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Mycobacterium tuberculosis chaperonin 10 stimulates bone resorption: A potential contributory factor in Pott's disease

Meghji, S; White, PA; Nair, SP; Reddi, K; Heron, K; Henderson, B; Zaliani, A; Fossati, G; Mascagni, P; Hunt, JF; et al. Meghji, S; White, PA; Nair, SP; Reddi, K; Heron, K; Henderson, B; Zaliani, A; Fossati, G; Mascagni, P; Hunt, JF; Roberts, MM; Coates, AR (1997) Mycobacterium tuberculosis chaperonin 10 stimulates bone resorption: A potential contributory factor in Pott's disease. JOURNAL OF EXPERIMENTAL MEDICINE, 186 (8). 1241 - 1246. ISSN 0022-1007 https://doi.org/10.1084/jem.186.8.1241
SGUL Authors: Coates, Anthony Robert Milnes

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Abstract

Pott's disease (spinal tuberculosis), a condition characterized by massive resorption of the spinal vertebrae, is one of the most striking pathologies resulting from local infection with Mycobacterium tuberculosis (Mt; Boachie-Adjei, O., and R.G. Squillante. 1996. Orthop. Clin. North Am. 27:95–103). The pathogenesis of Pott's disease is not established. Here we report for the first time that a protein, identified by a monoclonal antibody to be the Mt heat shock protein (Baird, P.N., L.M. Hall, and A.R.M. Coates. 1989. J. Gen. Microbiol. 135:931–939) chaperonin (cpn) 10, is responsible for the osteolytic activity of this bacterium. Recombinant Mt cpn10 is a potent stimulator of bone resorption in bone explant cultures and induces osteoclast recruitment, while inhibiting the proliferation of an osteoblast bone–forming cell line. Furthermore, we have found that synthetic peptides corresponding to sequences within the flexible loop and sequence 65–70 of Mt cpn10 may comprise a single conformational unit which encompasses its potent bone-resorbing activity. Our findings suggest that Mt cpn10 may be a valuable pharmacological target for the clinical therapy of vertebral tuberculosis and possibly other bone diseases. Tuberculosis is epidemic, accounting for 7% of the annual worldwide death toll (1). Tuberculous infections of bone, particularly of the spinal vertebrae (Pott's disease), are still common in the third world (2). It is not known how Mycobacterium tuberculosis (Mt)1 infections of bone cause bone breakdown. Healthy bone is maintained by a dynamic equilibrium between the mesenchymal bone matrix–forming osteoblast cell lineage and the myeloid bone– resorbing osteoclast cell lineage (3). Mt infection of the spine obviously alters this dynamic equilibrium, resulting in the net loss of the extracellular matrix of vertebral bone and collapse of the vertebrae. Whether this loss of bone matrix is the result of the direct action of components of Mt, for example, the LPS-like cell surface molecule lipoarabinomannan (LAM) (4), on bone cells, or an indirect activation of inflammatory cells leading to bone cell activation, is not established. Evidence is appearing to suggest that molecular chaperones have biological actions in addition to their intracellular protein–folding activity (5). For example, chaperonin (cpn)10 has been found to be an essential growth and immunosuppressive factor in early pregnancy (6), and cpn60 induces cytokine synthesis (7) and resorption of bone (8). In this study we have established that the bone resorbing activity of Mt is due to cpn10 which is as active as the most potent osteolytic cytokine, IL-1 (9, 10). Mt cpn10 also appears to induce the recruitment of osteoclasts in calvaria, and it is notable that calvarial bone resorption induced by this cpn can be completely blocked by the osteoclast-inhibiting hormone, calcitonin (11). Mt cpn10 was also found to inhibit the proliferation of cultured osteoblasts. Using a series of NH2- and COOH-terminal truncated peptides, we have identified sites in Mt cpn10 responsible for the osteolytic activity of this molecular chaperone. We have identified the flexible loop of Mt cpn10 and the sequence 65–70 as regions most probably responsible for the bone-modulating bioactivity of this molecule.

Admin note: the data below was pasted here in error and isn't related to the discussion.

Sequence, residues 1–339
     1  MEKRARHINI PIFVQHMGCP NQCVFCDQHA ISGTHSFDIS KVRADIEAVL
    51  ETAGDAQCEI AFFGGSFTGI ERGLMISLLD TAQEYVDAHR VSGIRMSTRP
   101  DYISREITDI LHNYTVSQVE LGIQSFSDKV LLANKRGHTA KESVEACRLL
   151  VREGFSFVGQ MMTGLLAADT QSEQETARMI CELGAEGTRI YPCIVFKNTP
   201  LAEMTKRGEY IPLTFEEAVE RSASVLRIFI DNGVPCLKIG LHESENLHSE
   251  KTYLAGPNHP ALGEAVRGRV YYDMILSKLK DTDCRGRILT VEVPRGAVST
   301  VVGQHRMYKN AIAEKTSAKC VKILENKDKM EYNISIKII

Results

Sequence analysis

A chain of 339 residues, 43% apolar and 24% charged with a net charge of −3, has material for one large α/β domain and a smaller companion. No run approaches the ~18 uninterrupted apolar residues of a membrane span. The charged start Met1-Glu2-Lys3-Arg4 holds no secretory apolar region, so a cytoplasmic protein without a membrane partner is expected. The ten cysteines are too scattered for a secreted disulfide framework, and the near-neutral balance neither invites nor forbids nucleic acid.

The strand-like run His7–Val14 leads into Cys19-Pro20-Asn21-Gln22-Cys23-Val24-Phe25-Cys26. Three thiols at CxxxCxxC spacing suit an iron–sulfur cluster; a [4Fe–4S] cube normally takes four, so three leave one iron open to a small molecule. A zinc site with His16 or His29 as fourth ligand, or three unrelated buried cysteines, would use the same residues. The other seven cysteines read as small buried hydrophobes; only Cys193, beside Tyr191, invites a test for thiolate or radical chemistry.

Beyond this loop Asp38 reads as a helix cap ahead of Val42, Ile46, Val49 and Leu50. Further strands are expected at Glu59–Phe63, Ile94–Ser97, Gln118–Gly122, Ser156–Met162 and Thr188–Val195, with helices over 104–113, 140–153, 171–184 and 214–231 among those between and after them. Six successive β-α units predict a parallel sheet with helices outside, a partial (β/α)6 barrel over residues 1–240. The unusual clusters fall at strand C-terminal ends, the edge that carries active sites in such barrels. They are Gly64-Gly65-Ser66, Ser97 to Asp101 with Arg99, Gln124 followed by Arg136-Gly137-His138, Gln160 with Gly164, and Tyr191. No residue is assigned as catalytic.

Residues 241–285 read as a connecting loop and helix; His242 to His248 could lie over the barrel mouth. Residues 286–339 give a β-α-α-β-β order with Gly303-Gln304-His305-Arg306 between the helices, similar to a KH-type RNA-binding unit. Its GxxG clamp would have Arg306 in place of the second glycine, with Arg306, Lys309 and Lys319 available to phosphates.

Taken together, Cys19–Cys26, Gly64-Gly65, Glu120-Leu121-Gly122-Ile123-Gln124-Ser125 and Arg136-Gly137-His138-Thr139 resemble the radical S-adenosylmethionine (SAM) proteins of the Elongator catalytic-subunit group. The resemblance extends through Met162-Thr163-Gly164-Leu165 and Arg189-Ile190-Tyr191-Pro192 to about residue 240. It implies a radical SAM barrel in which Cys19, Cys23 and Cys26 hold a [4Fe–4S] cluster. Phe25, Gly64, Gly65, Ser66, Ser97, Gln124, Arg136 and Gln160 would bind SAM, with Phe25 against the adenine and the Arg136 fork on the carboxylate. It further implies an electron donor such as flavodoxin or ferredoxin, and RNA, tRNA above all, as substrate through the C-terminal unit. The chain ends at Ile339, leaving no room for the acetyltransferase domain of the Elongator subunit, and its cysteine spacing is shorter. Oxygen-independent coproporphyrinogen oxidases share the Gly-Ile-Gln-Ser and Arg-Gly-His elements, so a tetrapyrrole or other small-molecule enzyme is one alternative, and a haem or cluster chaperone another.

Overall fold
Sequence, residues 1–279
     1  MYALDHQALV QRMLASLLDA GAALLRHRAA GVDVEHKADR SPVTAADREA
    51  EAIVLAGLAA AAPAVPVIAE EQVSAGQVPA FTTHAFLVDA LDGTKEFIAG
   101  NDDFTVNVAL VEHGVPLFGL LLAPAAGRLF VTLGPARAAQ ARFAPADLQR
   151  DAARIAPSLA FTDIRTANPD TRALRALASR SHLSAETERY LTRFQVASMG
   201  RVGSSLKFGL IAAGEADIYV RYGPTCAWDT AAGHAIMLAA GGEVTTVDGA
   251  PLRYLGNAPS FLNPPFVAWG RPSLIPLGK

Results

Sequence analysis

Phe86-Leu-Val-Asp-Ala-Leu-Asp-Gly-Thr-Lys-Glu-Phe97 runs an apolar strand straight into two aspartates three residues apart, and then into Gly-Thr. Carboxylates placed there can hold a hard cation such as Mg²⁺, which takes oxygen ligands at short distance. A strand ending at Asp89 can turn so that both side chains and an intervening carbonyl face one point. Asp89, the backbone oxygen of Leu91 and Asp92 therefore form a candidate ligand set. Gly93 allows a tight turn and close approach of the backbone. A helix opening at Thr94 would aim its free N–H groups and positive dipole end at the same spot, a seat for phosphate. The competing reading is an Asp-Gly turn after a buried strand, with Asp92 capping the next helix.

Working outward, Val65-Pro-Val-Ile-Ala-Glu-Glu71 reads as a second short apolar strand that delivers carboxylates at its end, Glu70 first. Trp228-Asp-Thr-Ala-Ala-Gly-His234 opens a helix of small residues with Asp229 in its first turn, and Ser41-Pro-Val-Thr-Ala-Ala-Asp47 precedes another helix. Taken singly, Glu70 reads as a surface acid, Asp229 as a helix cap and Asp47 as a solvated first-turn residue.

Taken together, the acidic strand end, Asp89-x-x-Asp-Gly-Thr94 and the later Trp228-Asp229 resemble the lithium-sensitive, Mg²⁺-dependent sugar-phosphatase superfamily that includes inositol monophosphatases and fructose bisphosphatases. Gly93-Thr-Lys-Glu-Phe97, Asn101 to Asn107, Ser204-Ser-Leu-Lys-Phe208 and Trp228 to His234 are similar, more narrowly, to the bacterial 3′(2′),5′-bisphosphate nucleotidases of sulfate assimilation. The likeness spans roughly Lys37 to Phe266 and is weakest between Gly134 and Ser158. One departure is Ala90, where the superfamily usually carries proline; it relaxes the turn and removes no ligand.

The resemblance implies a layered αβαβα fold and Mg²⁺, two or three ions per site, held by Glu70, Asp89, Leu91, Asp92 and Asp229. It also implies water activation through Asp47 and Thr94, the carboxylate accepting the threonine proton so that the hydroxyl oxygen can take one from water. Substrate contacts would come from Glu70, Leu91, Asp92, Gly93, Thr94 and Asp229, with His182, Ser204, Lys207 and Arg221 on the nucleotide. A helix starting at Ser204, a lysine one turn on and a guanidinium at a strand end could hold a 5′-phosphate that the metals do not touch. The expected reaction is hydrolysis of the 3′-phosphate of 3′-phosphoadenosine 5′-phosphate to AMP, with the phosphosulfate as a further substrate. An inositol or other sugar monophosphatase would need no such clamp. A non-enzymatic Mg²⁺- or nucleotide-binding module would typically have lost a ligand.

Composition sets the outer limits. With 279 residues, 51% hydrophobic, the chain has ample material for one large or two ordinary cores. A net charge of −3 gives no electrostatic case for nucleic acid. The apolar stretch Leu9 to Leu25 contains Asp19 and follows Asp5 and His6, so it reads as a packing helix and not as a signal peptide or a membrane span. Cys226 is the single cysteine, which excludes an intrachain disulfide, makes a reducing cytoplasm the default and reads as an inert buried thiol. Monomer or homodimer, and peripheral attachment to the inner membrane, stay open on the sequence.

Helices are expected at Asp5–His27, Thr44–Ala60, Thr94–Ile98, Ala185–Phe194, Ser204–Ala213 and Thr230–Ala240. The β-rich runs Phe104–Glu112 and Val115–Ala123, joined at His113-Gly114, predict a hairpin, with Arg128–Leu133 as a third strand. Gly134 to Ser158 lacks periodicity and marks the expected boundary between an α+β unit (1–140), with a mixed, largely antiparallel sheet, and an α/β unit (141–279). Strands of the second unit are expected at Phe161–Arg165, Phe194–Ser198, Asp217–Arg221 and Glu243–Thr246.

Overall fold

Item Type: Article
Additional Information: © The Rockefeller University Press RUP grants the public the non-exclusive right to copy, distribute, or display the Work under a Creative Commons Attribution-Noncommercial-Share Alike 3.0 Unported license, as described at http://creativecommons.org/licenses/by-nc-sa/3.0/ and http://creativecommons.org/licenses/by-nc-sa/3.0/legalcode.
Keywords: Amino Acid Sequence, Animals, Bone Resorption, Calcium, Cell Line, Chaperonin 10, Dose-Response Relationship, Drug, Growth Inhibitors, Humans, Mice, Models, Molecular, Molecular Sequence Data, Mycobacterium tuberculosis, Organ Culture Techniques, Osteoblasts, Peptide Fragments, Peptide Mapping, Recombinant Proteins, Skull, Sonication, Tuberculosis, Spinal, Science & Technology, Life Sciences & Biomedicine, Immunology, Medicine, Research & Experimental, Research & Experimental Medicine, IMMUNOLOGY, MEDICINE, RESEARCH & EXPERIMENTAL, ACTINOBACILLUS-ACTINOMYCETEMCOMITANS, MONOCLONAL-ANTIBODIES, PROTEIN, GROES, LYMPHOCYTES, OSTEOCLASTS, SEQUENCE, Immunology, 11 Medical And Health Sciences
SGUL Research Institute / Research Centre: Academic Structure > Infection and Immunity Research Institute (INII)
Journal or Publication Title: JOURNAL OF EXPERIMENTAL MEDICINE
ISSN: 0022-1007
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Dates:
DateEvent
20 October 1997Published
Web of Science ID: WOS:A1997YC95000008
URI: http://openaccess.sgul.ac.uk/id/eprint/107190
Publisher's version: https://doi.org/10.1084/jem.186.8.1241

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